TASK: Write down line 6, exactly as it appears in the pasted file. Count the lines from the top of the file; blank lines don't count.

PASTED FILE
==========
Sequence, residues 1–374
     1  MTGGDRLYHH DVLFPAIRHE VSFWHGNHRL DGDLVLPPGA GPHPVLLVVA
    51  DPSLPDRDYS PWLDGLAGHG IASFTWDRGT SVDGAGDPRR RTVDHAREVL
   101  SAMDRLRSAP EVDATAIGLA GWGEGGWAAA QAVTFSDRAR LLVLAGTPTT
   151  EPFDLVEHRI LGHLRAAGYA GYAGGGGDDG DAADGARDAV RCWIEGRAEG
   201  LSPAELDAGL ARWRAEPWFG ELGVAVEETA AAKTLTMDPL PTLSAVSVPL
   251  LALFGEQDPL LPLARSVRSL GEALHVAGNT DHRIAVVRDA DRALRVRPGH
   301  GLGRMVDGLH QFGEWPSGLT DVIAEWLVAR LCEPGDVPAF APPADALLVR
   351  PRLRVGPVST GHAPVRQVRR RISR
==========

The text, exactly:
   201  LSPAELDAGL ARWRAEPWFG ELGVAVEETA AAKTLTMDPL PTLSAVSVPL